Yet, even when the Word is faithfully preached today without resorting to human methods, there still seems to be a lack of power. Eph. 4:30 and 1 Thess. 5:19 may help us understand why. Often the Holy Spirit is grieved by the servant’s life, walk, and attitude, and hence, there is little fruit in what he does. Even when this isn’t the case, the Holy Spirit is still grieved by the general low condition among Christians. Further, the Holy Spirit is quenched (cooled off) by the introduction of human organization (as seen in all denominations today, Ed.) which does not allow for His free action among the Lord’s people. Still further, there is a growing unbelief on the part of many who claim to be servants of God, so that they deny and ridicule almost every truth which they are pledged to uphold. Thus, the Holy Spirit is grieved and quenched right in the middle of that which calls itself the Christian church, and that fact alone accounts for His withholding any great display of His power.
However, the Holy Spirit is still working and people are being converted and blessed, even though His work is proceeding in quieter and less-noticed ways than in the early days of the Apostles.
Power for victory in our own lives is just as important as power for service. We can experience power-for-victory by walking in the Spirit (Gal. 5:16). Eph. 1:13 says that the Holy Spirit was given to us when we believed the Gospel for our salvation. Upon believing, the Holy Spirit marks us out (seals us) as belonging to God. But then we are to walk in the Spirit-He is to be the practical and real Source and Energy of our lives and activities. Walking is one of our first activities as a baby, so God uses it as a figurative expression for all our activities. Our thoughts, speech, and actions are to be under the Holy Spirit’s control. Only then will we not be fulfilling the desires of the flesh, our old nature (Gal. 5:17). The Holy Spirit wields an uplifting power that is much greater than the downward drag of the flesh, and we can experience that power if we walk in Him. Read all of Gal 5:13-26.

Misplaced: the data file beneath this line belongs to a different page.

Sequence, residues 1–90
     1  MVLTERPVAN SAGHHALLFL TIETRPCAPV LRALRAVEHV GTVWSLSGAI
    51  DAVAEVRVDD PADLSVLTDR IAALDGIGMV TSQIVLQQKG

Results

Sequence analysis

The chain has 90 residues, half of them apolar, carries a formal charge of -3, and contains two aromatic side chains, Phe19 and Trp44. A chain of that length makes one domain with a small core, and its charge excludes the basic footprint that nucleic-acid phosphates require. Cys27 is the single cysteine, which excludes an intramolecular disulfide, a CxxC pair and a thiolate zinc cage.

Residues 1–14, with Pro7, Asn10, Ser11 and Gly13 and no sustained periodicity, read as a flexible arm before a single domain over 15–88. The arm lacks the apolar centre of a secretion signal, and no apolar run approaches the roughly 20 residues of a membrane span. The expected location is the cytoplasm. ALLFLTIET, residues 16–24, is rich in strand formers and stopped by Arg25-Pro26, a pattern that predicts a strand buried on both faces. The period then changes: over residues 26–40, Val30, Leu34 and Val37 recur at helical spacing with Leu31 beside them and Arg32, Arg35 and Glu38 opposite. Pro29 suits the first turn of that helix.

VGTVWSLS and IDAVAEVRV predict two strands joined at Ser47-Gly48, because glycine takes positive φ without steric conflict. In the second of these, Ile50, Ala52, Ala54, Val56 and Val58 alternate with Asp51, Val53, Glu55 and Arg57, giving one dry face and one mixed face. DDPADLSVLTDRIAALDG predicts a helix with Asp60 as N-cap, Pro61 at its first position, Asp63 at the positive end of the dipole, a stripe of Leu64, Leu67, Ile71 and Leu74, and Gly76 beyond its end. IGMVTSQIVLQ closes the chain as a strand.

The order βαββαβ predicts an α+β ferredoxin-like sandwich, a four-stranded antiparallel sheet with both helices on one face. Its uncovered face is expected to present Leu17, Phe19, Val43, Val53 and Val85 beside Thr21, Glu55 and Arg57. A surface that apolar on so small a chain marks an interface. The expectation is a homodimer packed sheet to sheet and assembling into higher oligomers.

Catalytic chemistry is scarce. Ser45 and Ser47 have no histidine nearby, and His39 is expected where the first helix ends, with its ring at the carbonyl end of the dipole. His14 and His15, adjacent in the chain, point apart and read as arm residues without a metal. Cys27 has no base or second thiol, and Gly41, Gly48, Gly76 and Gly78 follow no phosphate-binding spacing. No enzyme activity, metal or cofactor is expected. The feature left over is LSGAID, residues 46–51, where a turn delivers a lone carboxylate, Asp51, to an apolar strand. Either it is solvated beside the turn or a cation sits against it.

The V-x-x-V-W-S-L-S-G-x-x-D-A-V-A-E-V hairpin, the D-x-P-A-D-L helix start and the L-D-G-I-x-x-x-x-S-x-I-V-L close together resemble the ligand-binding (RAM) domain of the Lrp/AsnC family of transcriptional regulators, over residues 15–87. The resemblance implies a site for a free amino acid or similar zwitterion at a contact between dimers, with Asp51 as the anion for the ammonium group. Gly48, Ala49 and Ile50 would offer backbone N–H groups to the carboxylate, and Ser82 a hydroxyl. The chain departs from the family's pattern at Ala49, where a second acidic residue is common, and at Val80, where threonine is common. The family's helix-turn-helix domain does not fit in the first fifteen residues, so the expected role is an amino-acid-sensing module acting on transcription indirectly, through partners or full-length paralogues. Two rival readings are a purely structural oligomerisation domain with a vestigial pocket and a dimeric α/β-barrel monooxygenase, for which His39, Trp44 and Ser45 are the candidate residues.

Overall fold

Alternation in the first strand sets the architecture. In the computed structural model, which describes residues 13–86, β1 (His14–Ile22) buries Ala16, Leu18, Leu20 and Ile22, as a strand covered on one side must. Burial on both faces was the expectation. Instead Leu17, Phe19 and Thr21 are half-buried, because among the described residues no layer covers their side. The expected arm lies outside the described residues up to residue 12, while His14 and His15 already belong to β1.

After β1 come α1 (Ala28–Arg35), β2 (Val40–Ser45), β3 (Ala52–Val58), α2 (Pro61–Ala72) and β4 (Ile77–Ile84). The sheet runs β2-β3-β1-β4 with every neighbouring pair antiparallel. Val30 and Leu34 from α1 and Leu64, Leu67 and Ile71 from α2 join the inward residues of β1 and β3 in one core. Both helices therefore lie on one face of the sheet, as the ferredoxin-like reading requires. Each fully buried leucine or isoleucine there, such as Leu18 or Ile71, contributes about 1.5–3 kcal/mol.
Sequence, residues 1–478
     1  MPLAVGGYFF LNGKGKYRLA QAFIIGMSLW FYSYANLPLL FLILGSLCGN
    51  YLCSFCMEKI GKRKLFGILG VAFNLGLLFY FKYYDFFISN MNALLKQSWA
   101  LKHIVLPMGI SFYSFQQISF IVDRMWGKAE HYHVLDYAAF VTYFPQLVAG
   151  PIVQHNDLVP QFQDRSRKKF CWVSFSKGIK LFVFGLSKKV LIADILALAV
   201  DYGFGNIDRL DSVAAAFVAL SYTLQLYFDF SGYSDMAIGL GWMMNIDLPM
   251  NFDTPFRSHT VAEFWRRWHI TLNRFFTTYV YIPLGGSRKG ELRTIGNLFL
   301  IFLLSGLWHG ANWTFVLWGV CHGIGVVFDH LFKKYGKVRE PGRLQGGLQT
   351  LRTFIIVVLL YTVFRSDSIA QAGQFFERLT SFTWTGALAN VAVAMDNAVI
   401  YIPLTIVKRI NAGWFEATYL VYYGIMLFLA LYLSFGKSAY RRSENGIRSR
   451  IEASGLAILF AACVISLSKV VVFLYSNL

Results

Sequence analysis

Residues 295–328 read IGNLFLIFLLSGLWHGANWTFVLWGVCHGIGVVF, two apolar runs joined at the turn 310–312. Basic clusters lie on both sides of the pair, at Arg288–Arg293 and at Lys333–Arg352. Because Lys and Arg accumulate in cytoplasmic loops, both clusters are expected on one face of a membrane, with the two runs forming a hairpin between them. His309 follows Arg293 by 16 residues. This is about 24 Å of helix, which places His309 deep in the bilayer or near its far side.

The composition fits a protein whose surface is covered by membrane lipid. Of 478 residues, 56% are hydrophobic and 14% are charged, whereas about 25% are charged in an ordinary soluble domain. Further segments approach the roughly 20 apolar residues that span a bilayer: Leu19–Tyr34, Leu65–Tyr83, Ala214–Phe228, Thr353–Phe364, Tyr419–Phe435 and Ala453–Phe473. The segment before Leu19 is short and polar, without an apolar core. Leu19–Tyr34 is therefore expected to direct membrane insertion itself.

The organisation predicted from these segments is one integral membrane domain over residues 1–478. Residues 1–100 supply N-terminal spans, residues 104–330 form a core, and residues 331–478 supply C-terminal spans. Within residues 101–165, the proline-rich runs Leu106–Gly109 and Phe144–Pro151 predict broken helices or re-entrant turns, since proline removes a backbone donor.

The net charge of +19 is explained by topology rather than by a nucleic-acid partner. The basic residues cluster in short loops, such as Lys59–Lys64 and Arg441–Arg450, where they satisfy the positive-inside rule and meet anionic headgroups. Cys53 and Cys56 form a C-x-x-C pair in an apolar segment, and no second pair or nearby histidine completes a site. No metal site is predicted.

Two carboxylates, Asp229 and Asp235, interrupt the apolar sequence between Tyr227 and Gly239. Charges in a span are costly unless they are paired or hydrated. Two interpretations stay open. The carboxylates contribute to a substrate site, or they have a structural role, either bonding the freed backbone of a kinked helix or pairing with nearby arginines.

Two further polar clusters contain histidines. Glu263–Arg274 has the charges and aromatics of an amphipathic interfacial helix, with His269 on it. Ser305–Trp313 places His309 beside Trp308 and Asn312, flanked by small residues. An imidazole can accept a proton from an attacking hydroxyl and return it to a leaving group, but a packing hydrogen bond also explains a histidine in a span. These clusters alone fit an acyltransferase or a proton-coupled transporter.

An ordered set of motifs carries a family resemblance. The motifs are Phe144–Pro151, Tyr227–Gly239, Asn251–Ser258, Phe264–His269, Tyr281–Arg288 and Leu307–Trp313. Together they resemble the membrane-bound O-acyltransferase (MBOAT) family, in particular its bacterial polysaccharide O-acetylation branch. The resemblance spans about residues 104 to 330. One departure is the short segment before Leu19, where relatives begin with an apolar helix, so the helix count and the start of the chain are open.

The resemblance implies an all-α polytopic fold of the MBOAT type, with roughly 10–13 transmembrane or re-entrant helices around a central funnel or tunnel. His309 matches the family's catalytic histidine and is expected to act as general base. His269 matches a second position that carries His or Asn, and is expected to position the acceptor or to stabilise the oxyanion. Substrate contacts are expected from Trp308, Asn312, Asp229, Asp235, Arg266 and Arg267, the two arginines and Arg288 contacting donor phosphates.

How do we walk in the Sprit? Read Gal. 6:7-9. Our daily lives are made up of sowing and reaping, as if we go forth each day with a seed-basket on each shoulder. We may put one hand in the flesh-basket and sow to the flesh, or the other hand into the Spirit-basket and sow to the Spirit. In other words, we may yield to and do the things which merely satisfy the flesh or we may give ourselves to the things of the Holy Spirit and sow seeds that will be fruitful to God’s glory. God does not do this for us. We do it ourselves! All day long, we are doing one or the other. Into which basket are you continually placing your hand? The secret of walking in the Spirit is the determined refusal of the flesh-basket and the determined, active use of the Spirit-basket!
However, we see many Christians who are not guilty of serious outward misconduct but who are still without much of the Spirit’s liberty or power. With such, there are probably serious internal lapses in conduct such as failure to concentrate on God’s things or just plain spiritual laziness. The Holy Spirit is here to take the things of Christ and to show them to us, and He will be very grieved by our inattention, inactivity, and laziness. If you went to someone with important news about a much loved mutual friend and he began to interrupt your story with unimportant remarks about other things, or if you found him falling asleep in his chair, you would quit telling your story and be grieved and angry.
The Holy Spirit is sensitive about all that concerns the glory of Christ. Inattention will grieve Him as much as open sin. Therefore, let each of us ask God to show us how much of our own spiritual poverty and lack of power is a result of both our outward and inward conduct.